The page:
In 2010 I spent over half the year in East St. Louis helping to develop a set of grant proposals requesting a bit over $32 million in federal stimulus funds. Little did I know this would be my capstone project as changing funding priorities increasingly pulled me away from a community I had come to deeply love after more than a decade of engagement.
The grants, if funded, would have built much needed broadband infrastructure, public computing centers, and digital literacy programming. In the paper “Innovation Diffusion and Broadband Deployment in East St. Louis, Illinois, USA“, Lisa Bievenue and I reflected on lessons learned from the experience using Everett Rogers’ Diffusion of Innovation theory. The expansive theory has many components, but of particular note for us was the social communication process that fosters diffusion of an innovation throughout a defined population.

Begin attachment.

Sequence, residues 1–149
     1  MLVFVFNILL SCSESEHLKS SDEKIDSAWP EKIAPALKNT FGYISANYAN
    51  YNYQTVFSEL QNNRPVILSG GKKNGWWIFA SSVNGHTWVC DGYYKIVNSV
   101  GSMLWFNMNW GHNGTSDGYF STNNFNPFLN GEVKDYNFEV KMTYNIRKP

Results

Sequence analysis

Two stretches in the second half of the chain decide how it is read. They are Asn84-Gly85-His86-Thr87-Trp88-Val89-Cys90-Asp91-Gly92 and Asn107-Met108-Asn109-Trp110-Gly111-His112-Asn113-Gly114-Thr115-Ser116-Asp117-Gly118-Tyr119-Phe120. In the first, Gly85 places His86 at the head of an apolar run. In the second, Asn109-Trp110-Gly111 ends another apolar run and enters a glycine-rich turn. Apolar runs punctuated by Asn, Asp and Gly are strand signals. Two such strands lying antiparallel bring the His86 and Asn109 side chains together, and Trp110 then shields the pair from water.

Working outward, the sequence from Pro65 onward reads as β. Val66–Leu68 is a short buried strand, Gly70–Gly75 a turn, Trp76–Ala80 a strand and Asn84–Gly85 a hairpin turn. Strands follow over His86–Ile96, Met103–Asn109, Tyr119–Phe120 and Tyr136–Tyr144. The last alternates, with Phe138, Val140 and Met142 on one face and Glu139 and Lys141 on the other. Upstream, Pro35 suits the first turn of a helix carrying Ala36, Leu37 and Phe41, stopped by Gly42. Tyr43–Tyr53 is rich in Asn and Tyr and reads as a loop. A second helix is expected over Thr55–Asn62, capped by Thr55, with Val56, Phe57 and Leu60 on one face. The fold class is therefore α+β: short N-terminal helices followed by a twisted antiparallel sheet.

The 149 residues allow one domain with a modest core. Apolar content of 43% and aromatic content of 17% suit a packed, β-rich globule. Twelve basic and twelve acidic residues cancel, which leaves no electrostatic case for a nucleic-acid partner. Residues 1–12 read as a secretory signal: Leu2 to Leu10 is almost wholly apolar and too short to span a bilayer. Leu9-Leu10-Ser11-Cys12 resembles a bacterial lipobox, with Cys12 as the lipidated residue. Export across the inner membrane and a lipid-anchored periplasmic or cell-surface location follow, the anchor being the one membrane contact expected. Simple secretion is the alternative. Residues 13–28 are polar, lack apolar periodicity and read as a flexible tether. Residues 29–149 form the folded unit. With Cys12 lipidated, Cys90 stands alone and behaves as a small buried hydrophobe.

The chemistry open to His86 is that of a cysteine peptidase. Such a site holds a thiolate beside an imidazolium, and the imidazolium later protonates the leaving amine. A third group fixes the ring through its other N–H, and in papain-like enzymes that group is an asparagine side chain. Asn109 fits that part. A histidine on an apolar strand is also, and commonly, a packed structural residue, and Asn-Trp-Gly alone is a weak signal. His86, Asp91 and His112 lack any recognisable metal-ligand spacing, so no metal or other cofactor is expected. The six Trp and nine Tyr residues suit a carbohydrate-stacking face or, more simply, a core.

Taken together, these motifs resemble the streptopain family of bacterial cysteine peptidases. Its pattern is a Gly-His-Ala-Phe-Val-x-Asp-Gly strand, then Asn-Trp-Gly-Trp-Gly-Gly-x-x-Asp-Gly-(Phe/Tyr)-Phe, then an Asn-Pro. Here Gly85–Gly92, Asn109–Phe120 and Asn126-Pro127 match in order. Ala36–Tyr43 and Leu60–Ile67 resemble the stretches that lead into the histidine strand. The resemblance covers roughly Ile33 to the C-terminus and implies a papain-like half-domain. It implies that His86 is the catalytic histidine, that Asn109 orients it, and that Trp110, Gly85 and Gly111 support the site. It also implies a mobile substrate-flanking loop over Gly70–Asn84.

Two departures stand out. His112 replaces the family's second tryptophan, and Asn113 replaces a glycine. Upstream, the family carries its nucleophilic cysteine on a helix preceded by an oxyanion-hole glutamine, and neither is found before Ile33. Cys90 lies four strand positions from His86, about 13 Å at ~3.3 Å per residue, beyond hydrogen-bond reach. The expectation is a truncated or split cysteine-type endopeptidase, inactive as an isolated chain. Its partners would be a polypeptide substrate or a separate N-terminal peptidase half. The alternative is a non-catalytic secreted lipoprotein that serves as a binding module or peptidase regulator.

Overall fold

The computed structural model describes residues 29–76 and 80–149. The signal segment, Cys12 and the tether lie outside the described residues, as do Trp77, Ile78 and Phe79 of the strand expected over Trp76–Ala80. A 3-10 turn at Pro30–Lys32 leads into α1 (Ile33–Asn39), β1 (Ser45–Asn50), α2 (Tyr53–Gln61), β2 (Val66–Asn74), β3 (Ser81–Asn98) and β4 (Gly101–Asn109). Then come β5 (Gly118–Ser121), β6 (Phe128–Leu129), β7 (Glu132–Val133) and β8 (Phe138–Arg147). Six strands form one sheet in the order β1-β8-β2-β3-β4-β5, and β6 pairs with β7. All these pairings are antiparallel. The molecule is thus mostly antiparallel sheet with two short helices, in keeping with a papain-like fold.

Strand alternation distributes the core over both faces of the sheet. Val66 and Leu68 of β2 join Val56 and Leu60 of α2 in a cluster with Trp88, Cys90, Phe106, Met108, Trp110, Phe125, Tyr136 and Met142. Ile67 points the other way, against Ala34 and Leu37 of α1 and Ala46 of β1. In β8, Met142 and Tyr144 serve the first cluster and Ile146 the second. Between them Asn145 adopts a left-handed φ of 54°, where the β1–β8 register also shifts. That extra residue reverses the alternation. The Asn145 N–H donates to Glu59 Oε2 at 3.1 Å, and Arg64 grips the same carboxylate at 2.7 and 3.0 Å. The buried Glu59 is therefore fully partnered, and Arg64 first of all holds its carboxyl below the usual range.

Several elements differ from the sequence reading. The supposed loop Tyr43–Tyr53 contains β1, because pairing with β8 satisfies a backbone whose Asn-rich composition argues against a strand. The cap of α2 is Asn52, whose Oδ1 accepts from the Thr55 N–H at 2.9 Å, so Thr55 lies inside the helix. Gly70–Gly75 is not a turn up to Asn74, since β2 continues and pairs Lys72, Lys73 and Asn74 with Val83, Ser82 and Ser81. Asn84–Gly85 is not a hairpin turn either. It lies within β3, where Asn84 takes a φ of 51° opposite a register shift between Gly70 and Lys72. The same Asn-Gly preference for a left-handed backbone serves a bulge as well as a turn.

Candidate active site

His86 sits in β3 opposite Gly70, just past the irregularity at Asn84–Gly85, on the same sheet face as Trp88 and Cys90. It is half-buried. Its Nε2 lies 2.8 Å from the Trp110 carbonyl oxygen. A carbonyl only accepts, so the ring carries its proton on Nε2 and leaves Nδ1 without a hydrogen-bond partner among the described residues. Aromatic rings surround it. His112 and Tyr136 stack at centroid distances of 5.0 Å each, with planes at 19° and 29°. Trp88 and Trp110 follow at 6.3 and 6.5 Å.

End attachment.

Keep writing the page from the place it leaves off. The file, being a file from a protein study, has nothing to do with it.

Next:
For Rogers, innovation is defined very broadly as an artifact, concept, or practice that is new to the population. His book identifies a wide range of innovations, from contour plowing to birth control to a digital technology. This proved valuable for us in that it allowed us to see cases of innovation diffusion in East St. Louis even if limits in resources limited digital innovation specifically.